California dreamin’ – most want single-family home |

California dreamin’ – most want single-family home

John HartIn her Grass Valley home Thursday, Maryann Rutherford works in the kitchen.
ALL | GrassValleyArchive

For the second straight year, an overwhelming number of Californians told pollsters they prefer to drive alone to work and live in a single-family home, two desires that often confound lawmakers trying to steer growth back into cities.

While residents of the Bay Area are the state’s most comfortable with a high-density urban lifestyle, 86 percent of 2,010 adults interviewed in a new growth survey by the Public Policy Institute of California said they want a house with a yard.

Nearly four in 10 cited safety as the biggest reason.

That’s nearly double the number citing schools or more space as the leading factor in choosing a neighborhood and home.

Nevada County appears to be in step with the state trend.

Maryann Rutherford said she wouldn’t live in a condo or dense urban-style development. She, her husband, John, their daughters Natalie and Amanda, and grandchild, Gabriel, live in a single-family home on Winchester Street in Grass Valley.

Rutherford likes the privacy of having her own home, a safe yard for the kids to play in and room for pets.

“I want a place that’s safe for them to play in, a yard for them to play in,” she said.

Rutherford can remember living in a Yorba Linda apartment in her youth. “I didn’t like that at all,” she said. “You’d open the door and see people across the way from you.”

Mark Weyman, a real estate agent with Coldwell Banker Grass Roots Realty in Grass Valley, said that while most people prefer single-family homes, there is a market here for condos among baby boomers, retirees and families just starting out.

Condos like the Rockwood complex on Hughes Road go pretty quickly, noted Weyman.

Bill Litchfield, a Grass Valley builder, said people would go for an upscale 20-unit condo project on 100 acres – especially if it had open space, hiking trails, a sort of backyard.

But if you crammed in 300 units, it wouldn’t fly, said Litchfield.

“I think the average person moves here for a rural environment,” sid Litchfield.

Advocates of more mixed development say Californians haven’t seen enough good examples of compact urban living that compact urban living that emphasizes walking over driving.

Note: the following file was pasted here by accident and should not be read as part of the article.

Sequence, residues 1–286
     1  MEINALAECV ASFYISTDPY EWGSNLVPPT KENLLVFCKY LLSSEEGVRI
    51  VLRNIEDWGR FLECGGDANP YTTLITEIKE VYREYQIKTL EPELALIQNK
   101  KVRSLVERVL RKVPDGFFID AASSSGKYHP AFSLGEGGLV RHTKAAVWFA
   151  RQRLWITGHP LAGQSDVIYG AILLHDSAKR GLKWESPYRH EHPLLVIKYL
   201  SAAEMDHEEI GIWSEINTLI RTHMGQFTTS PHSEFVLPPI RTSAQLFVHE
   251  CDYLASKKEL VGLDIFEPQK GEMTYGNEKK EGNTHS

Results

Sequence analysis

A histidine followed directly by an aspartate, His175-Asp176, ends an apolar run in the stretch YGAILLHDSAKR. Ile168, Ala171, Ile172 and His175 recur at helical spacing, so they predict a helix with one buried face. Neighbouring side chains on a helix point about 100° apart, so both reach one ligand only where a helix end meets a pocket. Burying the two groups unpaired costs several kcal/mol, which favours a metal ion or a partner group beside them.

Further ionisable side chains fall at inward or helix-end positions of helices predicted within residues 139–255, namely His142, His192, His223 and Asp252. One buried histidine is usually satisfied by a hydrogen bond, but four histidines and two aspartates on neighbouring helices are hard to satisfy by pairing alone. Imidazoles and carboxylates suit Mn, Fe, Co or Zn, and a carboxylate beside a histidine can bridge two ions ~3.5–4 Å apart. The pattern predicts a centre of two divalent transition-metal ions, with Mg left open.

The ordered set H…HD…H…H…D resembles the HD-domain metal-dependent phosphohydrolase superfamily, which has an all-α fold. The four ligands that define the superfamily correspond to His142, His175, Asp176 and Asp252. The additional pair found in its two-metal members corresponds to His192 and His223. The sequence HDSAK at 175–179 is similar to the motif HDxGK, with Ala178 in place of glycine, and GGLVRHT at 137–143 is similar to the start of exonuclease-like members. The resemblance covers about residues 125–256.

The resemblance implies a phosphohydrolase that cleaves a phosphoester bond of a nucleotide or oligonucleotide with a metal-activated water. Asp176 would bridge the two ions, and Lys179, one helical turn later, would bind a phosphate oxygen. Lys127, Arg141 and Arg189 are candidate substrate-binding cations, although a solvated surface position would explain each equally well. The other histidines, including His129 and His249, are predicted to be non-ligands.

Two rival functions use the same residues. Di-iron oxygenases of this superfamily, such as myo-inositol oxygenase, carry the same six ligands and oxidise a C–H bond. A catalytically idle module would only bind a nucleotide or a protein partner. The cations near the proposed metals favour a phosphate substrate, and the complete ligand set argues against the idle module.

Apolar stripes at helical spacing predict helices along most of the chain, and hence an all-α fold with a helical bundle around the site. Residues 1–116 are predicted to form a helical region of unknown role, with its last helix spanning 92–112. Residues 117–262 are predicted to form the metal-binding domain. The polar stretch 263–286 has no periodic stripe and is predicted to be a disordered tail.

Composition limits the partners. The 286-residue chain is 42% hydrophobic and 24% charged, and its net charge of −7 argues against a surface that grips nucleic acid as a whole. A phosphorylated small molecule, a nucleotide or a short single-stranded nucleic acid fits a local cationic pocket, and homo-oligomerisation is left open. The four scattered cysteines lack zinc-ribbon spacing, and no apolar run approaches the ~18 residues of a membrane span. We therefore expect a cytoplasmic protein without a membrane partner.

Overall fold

”I think that awareness does play a role in the Bay Area and other places where more people have seen what a denser, walkable neighborhood can look like,” said Steven Bodzin, spokesman for the San Francisco-based Congress of New Urbanism. ”Anywhere with historic cities you have people who are aware.”

Homebuilders say the survey bolsters their arguments against local and state moves to push most new development into older cities.

”When we talk to the policy makers and some of them try to move us in a different direction, my standard statement is when you’re in business to build a product and sell it, you really want to give people what they want. And that’s what they want,” said Robert Rivinius, chief executive officer of the California Building Industry Association.

Such resounding opinion also counters the so-called ”smart growth” favored by three wealthy California foundations that commissioned the survey. They’ve seeded the emerging, but often embattled, development trend with millions of dollars, emphasizing transit, townhouses and apartments above stores to slow suburban growth in a state that loses 50,000 acres of irrigated farmland every year to development.

Mark Baldassare, the PPIC’s survey director said he’ll present the findings Friday to the James Irvine Foundation, William and Flora Hewlett Foundation and David and Lucile Packard Foundation, the second year he’ll present sobering news about Californians’ attitudes on growth.

John Dickey and The Associated Press

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